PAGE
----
What’s the right amount of time before speaking ill of the dead? For movie critic Roger Ebert, it took only hours to criticize the late Jackass star Ryan Dunn for drinking and driving. Facebook just as swiftly took the film critic’s page down.
Dunn had died in a car crash that also took his friend’s life. After Ebert’s post about the late Jackass star, Facebook pulled the page and put up a placeholder disclaimer saying that the site doesn’t allow pages with hateful, threatening or obscene content.
Facebook spokesperson Andrew Noyes told us via email, “The page was was removed in error. We apologize for the inconvenience.”
Before the page got reinstated, Ebert had cried foul play and attributd the Facebook page takedown to complaints by a couple of “jerks.”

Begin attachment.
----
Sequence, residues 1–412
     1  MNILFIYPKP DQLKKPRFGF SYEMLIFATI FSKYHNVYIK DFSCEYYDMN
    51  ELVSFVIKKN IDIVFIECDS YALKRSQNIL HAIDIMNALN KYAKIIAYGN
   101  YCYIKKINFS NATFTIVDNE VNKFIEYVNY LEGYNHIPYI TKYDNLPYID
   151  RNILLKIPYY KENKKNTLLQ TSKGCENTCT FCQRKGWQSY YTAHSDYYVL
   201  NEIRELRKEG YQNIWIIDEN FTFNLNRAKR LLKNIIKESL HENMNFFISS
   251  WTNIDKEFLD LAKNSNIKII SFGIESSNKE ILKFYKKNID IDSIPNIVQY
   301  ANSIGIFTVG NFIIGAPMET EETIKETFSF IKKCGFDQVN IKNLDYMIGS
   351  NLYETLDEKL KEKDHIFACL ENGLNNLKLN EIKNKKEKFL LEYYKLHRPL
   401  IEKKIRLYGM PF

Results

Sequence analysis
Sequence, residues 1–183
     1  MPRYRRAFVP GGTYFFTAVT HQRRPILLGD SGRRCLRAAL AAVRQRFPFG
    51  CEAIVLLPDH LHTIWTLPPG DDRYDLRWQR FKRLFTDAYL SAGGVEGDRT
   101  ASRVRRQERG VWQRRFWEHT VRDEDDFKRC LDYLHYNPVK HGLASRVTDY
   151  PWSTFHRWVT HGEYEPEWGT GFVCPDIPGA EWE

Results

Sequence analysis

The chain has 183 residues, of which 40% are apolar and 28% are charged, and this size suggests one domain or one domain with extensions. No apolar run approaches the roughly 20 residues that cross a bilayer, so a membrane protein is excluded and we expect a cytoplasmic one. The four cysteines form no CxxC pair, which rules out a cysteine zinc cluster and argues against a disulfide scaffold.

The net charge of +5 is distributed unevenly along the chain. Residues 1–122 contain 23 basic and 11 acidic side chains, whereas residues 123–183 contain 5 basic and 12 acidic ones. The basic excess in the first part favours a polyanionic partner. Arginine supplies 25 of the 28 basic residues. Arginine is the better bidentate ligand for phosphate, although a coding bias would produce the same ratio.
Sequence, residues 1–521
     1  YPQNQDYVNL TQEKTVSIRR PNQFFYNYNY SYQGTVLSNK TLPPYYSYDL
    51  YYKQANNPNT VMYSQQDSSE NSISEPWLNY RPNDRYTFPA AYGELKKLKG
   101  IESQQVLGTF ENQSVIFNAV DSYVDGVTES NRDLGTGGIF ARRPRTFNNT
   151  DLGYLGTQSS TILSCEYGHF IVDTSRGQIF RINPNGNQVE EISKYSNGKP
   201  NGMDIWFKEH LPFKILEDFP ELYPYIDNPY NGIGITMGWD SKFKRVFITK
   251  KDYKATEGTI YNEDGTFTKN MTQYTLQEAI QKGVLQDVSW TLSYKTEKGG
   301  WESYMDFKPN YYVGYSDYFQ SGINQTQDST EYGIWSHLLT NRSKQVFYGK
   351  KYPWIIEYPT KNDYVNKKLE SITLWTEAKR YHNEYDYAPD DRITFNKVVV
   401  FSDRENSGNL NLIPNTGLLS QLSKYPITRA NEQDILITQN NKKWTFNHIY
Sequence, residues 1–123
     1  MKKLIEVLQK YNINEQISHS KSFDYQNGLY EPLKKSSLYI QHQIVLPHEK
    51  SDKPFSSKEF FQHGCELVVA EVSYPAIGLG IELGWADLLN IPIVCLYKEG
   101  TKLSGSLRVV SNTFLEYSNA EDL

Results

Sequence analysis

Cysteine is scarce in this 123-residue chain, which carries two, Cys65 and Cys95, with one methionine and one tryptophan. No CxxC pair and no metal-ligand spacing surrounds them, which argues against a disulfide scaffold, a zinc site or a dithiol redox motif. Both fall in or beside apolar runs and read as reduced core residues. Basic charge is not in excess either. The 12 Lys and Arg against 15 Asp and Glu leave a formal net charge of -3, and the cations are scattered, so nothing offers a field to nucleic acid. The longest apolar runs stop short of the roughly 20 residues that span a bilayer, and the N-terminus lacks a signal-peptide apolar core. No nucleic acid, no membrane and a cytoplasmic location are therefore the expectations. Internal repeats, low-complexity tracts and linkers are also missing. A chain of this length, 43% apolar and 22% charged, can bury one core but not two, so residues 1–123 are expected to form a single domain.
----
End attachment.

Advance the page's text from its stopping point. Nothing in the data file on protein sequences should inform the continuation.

Comments on this event ranged from freedom of speech arguments to calling Ebert names for his insensitivity. Many who weighed in agreed it’s wrong to drink and drive, but many said it was too soon to speak out against Dunn.
This isn’t the first time that Facebook has removed Ebert’s posts — most notably, the social network had taken his page down after he’d uploaded content about his jaw surgery.
One thing’s for sure: The latest controversy upped Ebert’s like count from 57,000 yesterday to more than 59,000 fans today, who were still posting mid-day to express their strong opinions on his very strong words.
Readers, do you think Ebert has the constitutional right to speak his mind on Facebook or did the social network do the right thing with the takedown?